It wasn’t until the 1600s that the modern conception of childhood started to come about. Parents and community groups and churches opened schools and eventually playgrounds. During the Victorian Era especially, Children’s Literature thrived along with the concept of childhood as an innocent time for play and learning, to be protected from adult concerns. School nevertheless was often harsh, but was a huge step up from factory work and mining and the many other forms of child labor.
Excerpts from an article published in Scientific American Mind (February 2009) called “The Serious Need for Play“.
Note, these are just excerpts, please click on the link to read the full, very fascinating, article.
The Serious Need for Play
Free, imaginative play is crucial for normal social, emotional and cognitive development. It makes us better adjusted, smarter and less stressed.
By Melinda Wenner
– Childhood play is crucial for social, emotional and cognitive development.
– Imaginative and rambunctious “free play,” as opposed to games or structured activities, is the most essential type.
– Kids and animals that do not play when they are young may grow into anxious, socially maladjusted adults.
“Free play,” as scientists call it, is critical for becoming socially adept, coping with stress and building cognitive skills such as problem solving. Research into animal behavior confirms play’s benefits and establishes its evolutionary importance: ultimately, play may provide animals (including humans) with skills that will help them survive and reproduce.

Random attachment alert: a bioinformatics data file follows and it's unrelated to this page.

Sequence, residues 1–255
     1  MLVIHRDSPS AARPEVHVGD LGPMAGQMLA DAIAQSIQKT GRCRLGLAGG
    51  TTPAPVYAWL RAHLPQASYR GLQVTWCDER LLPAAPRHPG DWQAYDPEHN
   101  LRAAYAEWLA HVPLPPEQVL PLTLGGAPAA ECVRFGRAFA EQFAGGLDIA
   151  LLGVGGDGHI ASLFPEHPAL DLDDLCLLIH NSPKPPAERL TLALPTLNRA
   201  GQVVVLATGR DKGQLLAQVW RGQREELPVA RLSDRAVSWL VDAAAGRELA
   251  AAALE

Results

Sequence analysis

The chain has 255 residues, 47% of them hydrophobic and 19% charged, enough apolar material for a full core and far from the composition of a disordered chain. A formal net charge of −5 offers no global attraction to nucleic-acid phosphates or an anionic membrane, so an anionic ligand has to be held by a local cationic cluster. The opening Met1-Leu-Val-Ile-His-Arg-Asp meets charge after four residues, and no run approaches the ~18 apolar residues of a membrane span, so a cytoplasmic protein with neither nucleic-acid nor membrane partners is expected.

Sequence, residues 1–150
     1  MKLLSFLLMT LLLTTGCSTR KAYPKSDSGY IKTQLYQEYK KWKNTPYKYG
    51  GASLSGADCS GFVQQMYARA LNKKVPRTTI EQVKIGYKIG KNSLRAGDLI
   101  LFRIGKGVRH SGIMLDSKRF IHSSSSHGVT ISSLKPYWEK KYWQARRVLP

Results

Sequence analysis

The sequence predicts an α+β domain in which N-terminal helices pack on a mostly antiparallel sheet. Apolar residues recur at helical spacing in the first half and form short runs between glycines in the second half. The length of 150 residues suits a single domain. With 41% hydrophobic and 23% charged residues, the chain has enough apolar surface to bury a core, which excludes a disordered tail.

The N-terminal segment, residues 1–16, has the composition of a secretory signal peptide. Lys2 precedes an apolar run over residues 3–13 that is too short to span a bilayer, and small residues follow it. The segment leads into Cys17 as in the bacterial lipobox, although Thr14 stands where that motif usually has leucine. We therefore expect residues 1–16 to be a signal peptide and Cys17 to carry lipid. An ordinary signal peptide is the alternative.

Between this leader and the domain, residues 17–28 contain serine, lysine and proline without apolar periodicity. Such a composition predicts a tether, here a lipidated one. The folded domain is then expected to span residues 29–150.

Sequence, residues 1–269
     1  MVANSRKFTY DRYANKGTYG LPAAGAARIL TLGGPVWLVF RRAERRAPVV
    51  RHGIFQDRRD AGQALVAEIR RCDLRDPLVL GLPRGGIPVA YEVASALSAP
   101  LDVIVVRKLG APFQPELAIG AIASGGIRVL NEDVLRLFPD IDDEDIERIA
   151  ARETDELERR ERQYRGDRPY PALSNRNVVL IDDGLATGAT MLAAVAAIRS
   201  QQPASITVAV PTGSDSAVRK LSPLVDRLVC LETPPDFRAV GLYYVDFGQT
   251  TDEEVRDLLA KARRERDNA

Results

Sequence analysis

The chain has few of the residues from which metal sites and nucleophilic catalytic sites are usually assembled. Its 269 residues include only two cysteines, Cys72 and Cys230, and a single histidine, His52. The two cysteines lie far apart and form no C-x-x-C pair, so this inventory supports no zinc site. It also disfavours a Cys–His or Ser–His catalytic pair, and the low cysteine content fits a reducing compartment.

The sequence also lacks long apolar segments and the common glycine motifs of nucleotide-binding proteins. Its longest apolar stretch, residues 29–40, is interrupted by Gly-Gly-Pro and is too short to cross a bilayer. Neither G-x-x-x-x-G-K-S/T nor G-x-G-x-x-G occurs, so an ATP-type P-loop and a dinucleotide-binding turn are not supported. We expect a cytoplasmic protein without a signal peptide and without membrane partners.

Most psychologists agree that play affords benefits that last through adulthood, but they do not always agree on the extent to which a lack of play harms kids—particularly because, in the past, few children grew up without ample frolicking time. But today free play may be losing its standing as a staple of youth. According to a paper published in 2005 in the Archives of Pediatrics & Adolescent Medicine, children’s free-play time dropped by a quarter between 1981 and 1997. Concerned about getting their kids into the right colleges, parents are sacrificing playtime for more structured activities. As early as preschool, youngsters’ after-school hours are now being filled with music lessons and sports—reducing time for the type of imaginative and rambunctious cavorting that fosters creativity and cooperation.
This creative aspect is key because it challenges the developing brain more than following predetermined rules does. In free play, kids use their imagination and try out new activities and roles.
Why do parents allow their kids to watch so much TV?
Obviously part of the problem is that the TV/movie industry has been so incredibly effective at convincing most people (including parents) that TV is beneficial, educational, and at the worst harmless.
But, I do think there is a deeper reason. And that is that throughout human history parents have, to a great extent, had a quite laissez-faire attitude towards their kids. After looking after their children’s physical needs, and making sure they do their chores, go to school, do their homework, children have been very much left to their own devices. And this has been a very good child-rearing strategy. Why? Because children know the secret of learning, which is to learn through play. Children have a powerful instinct for playing. So all those hours that parents allow them their freedom are not wasted, they are put to good use.